The corn did pop and there was no dearth of my favourite beverage on the upper tier of the Grand Stand. Not to mention of course the aroma from WG’s Whacking Great Sandwiches wafting all across the ground-floor sidewalks and assembly points. But for some reason, it felt as though the fizz wasn’t quite there. Walking down Cavendish Street and then entering the fabled Lord’s cricket ground in the heart of London, for an England-Australia round-robin match in the just-concluded cricket World Cup, this cricket fanatic’s conceptual-construct was replete with images of bitter cricketing rivalry that is legion between these two sides ever since the ashes urn was presented to visiting England captain Ivo Bligh during the 1882-83 tour of Australia, which came to be recognised as the sport’s most poignant moment and a rather dark symbolism for a crying need for soul-searching, unapologetically thrust upon the vanquished by the victor.
For the uninitiated, the term ‘Ashes’ was born out of a jocular ‘obituary’ published in a British newspaper in 1882, following England’s first defeat on home soil by a touring Australian cricket team. In a light-hearted jibe, the Sporting Times newspaper said English cricket would be burnt down and the ‘ashes’ sent to England. When the England team next visited Australia, the ‘ashes’ idea became a reality as a wooden bail was burned and the ashes put in an urn and presented to England captain Bligh.
The Ashes rivalry is considered to be cricket’s oldest and one of the most definitive sporting equivalents of an eye-for-an-eye. With time, as the lure of the sport spread beyond the threshold of the sacrosanct five-day format and into the increasingly abridged, instant-coffee versions of one-day Internationals and Twenty20s, any meeting between England and Australia on a cricket pitch anywhere in the world has come to be seen, measured, understood, appreciated, criticised and archived through the Ashes prism.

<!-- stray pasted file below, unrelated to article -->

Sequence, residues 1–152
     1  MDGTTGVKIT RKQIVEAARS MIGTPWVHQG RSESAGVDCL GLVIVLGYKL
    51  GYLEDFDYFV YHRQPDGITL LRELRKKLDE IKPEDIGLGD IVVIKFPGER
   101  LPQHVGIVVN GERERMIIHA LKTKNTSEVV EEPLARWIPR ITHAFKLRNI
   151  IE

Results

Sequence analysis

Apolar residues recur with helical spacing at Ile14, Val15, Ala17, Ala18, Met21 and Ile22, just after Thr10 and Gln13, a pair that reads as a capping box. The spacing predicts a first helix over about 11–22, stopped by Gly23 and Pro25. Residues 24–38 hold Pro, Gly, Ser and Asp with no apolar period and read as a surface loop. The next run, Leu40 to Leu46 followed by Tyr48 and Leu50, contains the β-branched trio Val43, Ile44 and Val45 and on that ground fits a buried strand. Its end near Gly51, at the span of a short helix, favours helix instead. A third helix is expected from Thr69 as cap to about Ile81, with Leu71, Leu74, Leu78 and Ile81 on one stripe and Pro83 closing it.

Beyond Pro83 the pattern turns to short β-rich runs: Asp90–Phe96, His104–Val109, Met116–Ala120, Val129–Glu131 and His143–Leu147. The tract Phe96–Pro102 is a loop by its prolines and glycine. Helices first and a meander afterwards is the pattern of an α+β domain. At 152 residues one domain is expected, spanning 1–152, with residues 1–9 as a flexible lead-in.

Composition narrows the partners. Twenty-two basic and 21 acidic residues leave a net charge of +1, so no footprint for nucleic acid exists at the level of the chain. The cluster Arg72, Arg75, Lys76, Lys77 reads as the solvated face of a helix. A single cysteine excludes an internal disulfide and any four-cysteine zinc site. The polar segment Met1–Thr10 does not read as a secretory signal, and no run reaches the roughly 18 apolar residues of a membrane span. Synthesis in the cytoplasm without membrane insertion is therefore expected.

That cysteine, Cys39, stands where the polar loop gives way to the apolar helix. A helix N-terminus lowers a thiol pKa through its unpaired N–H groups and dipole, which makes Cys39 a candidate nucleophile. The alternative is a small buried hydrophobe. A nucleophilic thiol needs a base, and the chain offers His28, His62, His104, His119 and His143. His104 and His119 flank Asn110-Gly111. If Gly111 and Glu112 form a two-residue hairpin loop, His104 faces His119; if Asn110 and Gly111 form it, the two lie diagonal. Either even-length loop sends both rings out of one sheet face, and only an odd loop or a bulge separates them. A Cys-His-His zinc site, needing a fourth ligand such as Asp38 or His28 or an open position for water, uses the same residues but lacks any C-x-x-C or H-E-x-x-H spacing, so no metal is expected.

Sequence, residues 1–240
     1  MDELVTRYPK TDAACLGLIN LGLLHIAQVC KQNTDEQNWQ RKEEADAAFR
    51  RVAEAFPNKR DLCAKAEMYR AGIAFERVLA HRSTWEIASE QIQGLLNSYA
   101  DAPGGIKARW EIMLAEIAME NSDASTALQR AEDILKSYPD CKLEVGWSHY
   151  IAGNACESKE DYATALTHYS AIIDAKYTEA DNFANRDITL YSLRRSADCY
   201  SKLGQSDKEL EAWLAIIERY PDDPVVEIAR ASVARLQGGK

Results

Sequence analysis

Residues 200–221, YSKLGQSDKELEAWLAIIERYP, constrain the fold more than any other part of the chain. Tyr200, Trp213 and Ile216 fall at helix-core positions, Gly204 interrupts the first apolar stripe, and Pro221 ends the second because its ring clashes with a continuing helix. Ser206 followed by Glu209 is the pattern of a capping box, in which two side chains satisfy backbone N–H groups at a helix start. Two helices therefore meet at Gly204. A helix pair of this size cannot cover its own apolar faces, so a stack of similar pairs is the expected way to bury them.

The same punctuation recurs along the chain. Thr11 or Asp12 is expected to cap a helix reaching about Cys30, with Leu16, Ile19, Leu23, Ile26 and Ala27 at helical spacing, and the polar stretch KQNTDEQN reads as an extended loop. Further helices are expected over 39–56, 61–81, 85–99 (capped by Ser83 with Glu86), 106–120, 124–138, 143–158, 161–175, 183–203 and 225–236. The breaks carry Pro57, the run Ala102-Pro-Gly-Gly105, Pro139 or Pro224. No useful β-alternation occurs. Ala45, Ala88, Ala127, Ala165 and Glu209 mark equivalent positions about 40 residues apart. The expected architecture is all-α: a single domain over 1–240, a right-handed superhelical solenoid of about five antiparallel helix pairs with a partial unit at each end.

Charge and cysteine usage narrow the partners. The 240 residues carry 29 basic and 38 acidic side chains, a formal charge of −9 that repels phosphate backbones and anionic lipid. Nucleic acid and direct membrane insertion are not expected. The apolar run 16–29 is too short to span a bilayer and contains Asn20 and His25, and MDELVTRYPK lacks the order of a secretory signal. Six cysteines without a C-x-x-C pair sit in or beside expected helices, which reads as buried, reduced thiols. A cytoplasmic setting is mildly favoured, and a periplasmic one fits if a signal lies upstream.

New brand of one-upmanship
Meanwhile, a bloody partition in August 1947, saw the emergence of a new brand of one-upmanship on the cricket field that would soon come to rival the Ashes in verve and panache: An India-vs-Pakistan anywhere on Planet Earth is little short of a duel of cosmic proportions.
In a nutshell, an India-Pakistan or an Australia-England is still one of the few reasons that have kept a colonial-era pastime retain its relevance for a generation that measures its time in money.
Having watched a couple of India-Pakistan encounters from ‘ground zero’ and in light of the recent England-Australia World Cup fixture at Lord’s, one is tempted to say that for any rivalry — whether sporting or political — to retain its fizz and emerge as a time-defying phenomenon, there ought to be some sort of a chaotic-carnivalesque character to it, to the extent that an Existentialist philosopher may even be tempted to goading one into submission into an “in-the-destructive-element-immerse” kind of a momentary indiscretion of one’s choosing — just to live life to the full, experiencing the inexplicable.
An India-Pakistan encounter watched from the terraces gives one ample scope to “immerse” oneself “in the destructive element” – if you know what I mean! An England-Australia match seen from the Lord’s Grand Stand, unfortunately, offers no such immersive ride. The former, a rivalry steeped in a shared sense of belonging to a chaotic-carnivalesque order. The latter, a contest too staid in its determination not to look beyond the immediacy of a day’s cricket out in the sun. The former, marked by heated off-the-cuff debates and light-hearted banter — sometimes even over a shared plate of nick-knacks. The latter, bereft of any on-the-stands debate whatsoever, but heavily laced with boos and taunts at rival teams at the drop of a hat.
Yes, an India-Pakistan cricketing rivalry is forever blessed by the bonds of a shared history, culture and 3,000km of border, which can never be the template for an England-Australia contest. Point granted. However, what is truly remarkable about an India-Pakistan cricketing rivalry is that though it is born by default out of a pure socio-political inevitability, the average fan on either side of the fence can and has shown the temerity to let cricket be the adjudicator where nuances of diplomatic and political propriety have often been found woefully wanting. On the contrary, though born out of a sense of pride — lost or won, as the case may be — based on a truth gracing the cricketing field and an enactment of truth through the comic-realism of presentation of the Ashes urn, the England-Australia scheme of things has remained what it has always been: A cricket historian’s treasure-trove of archival riches, steeped in symbolism and a sense of sporting pride and even nationalism to some extent, but never quite substance enough to fuel a cinematographer’s Oscar-night dream.
So on June 25, 2019, the corn did pop and there was a long queue at the souvenir store at Lord’s at the end of the England-Australia match. But strolling down the fan park, with English and Aussie fans seated next to each other on the lush green lawns, reminded me of J.B. Priestley’s essay Too Many People, where the celebrated author, talking about life in a big city, rues: ‘Never a knowing face, never an answering smile.’
When is the next India-Pakistan in Dubai?!